Wednesday, February 8, 2012

How To Be An Effective Triage Nurse

I just returned from a great two day conference in Atlanta that was hosted by Carol Rutenberg's Company, Telephone Triage Consulting, Inc. The guest speaker was Kathy Koehne, BSN, RNC-TNP. What a wonderful presenter she is!
One of the things that really stuck out to me were the characteristics of effective triage nurses. They must be self-directed, focused on short-term results, be a strong patient advocate, and have practical intelligence.
With self direction, you must be able to function independently, especially if you are working from a remote location. There is no one there to call on if you have a question, need help in making a decision, or your call volume begins to get overwhelming. Sure there are co-workers on line or one that you can call, but yet, you have to be autonomous. All the while, it is important to realize the value of your position and your role, even though your authority is limited.
To be successful, you have to have a good work ethic. You must be reliable and dependable, especially so if you work remotely. So many times nurses think if they are working from home, they can work if they feel like it. No matter the location, you still have patients depending on you, just as if you worked in a facility. If there are no nurses, the patients don't get taken care of, and therefore no business.
This position requires honesty. You are given the trust to work independently, and many times, you are the only nurse that patient encounters. Your supervisor is trusting you to be honest in your advice, documentation, and productivity.
You must also be flexible. This is not a 9 to 5 job with weekends and holidays off. If you desire a position like that, maybe you should ask yourself, "Why did I choose to be a nurse?" Sickness does not decide to only occur during business hours, and therefore, it requires us to be flexible in our schedules to accommodate higher call volume needs.
To be focused on short-term results, you have to be good with time management. You have to be able to take control of the call to complete it in a timely manner, complete your documentation before the next business day, and be able to be productive enough to be a team player in getting the calls done.
You have to like checklists and bite-sized tasks. After all, when you are assessing the patient on the other end of the phone, you are going through mini checklists of each system in your brain, and the task at hand is to get the caller to the next level of care, whatever that may be.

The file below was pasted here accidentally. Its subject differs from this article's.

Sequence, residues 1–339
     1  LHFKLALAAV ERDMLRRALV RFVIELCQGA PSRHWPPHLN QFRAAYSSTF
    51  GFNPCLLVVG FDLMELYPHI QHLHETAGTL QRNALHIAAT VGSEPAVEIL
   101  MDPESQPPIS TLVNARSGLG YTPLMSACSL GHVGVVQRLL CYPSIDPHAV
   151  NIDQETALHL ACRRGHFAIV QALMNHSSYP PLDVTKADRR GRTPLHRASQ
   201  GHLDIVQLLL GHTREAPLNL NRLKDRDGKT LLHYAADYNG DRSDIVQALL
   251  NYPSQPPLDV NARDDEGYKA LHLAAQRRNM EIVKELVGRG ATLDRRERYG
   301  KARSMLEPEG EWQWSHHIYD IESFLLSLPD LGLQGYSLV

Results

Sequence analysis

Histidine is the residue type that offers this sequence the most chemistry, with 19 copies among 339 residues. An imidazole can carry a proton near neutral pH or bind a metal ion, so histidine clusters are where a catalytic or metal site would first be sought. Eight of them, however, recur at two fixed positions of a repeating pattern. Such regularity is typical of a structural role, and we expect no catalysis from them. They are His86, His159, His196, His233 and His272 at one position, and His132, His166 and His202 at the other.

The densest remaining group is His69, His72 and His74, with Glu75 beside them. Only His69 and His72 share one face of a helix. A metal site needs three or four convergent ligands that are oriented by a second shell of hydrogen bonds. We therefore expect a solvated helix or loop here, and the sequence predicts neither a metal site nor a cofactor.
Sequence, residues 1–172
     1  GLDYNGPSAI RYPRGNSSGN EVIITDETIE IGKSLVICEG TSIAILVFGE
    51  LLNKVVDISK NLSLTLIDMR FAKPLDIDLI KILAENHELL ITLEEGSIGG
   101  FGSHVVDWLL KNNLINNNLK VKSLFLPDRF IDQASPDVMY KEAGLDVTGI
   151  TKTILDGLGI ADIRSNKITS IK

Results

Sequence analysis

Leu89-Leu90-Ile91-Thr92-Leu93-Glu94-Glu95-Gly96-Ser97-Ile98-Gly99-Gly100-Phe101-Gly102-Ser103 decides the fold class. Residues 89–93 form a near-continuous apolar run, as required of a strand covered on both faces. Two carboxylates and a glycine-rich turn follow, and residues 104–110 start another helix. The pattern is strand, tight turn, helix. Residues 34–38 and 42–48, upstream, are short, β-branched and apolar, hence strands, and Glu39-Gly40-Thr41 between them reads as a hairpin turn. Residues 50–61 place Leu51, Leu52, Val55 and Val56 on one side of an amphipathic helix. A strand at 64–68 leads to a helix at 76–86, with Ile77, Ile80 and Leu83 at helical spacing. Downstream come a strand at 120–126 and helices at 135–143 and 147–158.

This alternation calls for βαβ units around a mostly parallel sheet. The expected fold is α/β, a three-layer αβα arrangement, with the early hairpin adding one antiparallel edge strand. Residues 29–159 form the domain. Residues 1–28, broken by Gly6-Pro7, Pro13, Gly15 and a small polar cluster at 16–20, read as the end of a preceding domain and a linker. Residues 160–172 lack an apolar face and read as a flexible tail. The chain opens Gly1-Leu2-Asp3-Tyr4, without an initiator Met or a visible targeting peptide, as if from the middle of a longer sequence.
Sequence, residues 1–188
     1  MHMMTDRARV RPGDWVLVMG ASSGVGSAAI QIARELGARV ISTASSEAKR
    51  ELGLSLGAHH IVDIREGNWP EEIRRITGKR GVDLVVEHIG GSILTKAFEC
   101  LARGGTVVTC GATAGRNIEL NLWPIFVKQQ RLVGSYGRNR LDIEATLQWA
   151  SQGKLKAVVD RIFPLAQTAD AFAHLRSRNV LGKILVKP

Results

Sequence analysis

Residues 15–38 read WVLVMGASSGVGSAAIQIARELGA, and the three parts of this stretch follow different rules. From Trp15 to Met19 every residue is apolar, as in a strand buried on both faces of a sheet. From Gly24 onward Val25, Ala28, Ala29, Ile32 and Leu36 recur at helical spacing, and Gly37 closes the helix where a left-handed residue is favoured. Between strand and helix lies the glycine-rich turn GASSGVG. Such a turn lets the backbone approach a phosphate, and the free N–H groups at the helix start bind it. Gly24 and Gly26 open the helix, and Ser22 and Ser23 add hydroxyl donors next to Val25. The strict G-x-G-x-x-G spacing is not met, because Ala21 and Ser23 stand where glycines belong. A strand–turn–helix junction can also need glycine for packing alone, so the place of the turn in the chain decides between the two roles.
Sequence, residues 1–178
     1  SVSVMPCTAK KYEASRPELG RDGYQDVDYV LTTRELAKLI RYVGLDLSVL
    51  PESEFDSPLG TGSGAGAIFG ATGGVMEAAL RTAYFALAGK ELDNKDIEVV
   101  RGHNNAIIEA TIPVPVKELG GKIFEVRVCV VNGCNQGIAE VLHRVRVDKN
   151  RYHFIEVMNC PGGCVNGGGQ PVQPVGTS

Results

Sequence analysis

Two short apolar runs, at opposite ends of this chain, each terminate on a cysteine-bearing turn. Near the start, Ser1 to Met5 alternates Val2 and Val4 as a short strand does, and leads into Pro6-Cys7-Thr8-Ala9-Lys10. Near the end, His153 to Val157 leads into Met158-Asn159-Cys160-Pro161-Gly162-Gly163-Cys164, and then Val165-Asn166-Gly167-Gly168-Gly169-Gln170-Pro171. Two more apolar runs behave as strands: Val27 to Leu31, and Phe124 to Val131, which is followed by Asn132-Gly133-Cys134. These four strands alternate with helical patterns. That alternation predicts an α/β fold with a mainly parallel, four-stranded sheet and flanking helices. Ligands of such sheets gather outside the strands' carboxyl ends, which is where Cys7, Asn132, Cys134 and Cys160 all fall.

You have to enjoy and measure effectiveness with measurable outcomes. You are gathering information, deciding on a plan and teaching the caller. You can measure the effectiveness of your teaching by asking the caller to repeat instructions back to you, and the outcome is, did they follow your teaching by seeking the appropriate follow-up? Did you make a difference in what could be a potentially life-threatening call? Do patient satisfaction surveys reflect happy patients as an outcome?
You must be a strong patient advocate. One of the most important points in gaining a caller's trust is if the nurse is empathetic. You will also be much more effective if the caller trusts you, but be careful with giving your own personal experiences. You may think you are being empathetic, but sometimes the caller only wants to talk about themselves. They do not care to hear about you. You must know when the right time to share your experiences with the patient is.
The last characteristic, practical intelligence, is one that you either have or you don't. You cannot teach someone common sense, and to be successful in this position you must be a quick learner, relate new information to previous knowledge, and enjoy learning. You must keep abreast with new trends in healthcare, and new medications, and be able to apply that to and build on what knowledge you already have.
Wow,what a tremendous amount of responsibility! Yet, if you are a telephone triage nurse, you should be proud of your position. We have the ability to change someone's life in one phone call!
You may be the last person that caller ever talks to...Make it count!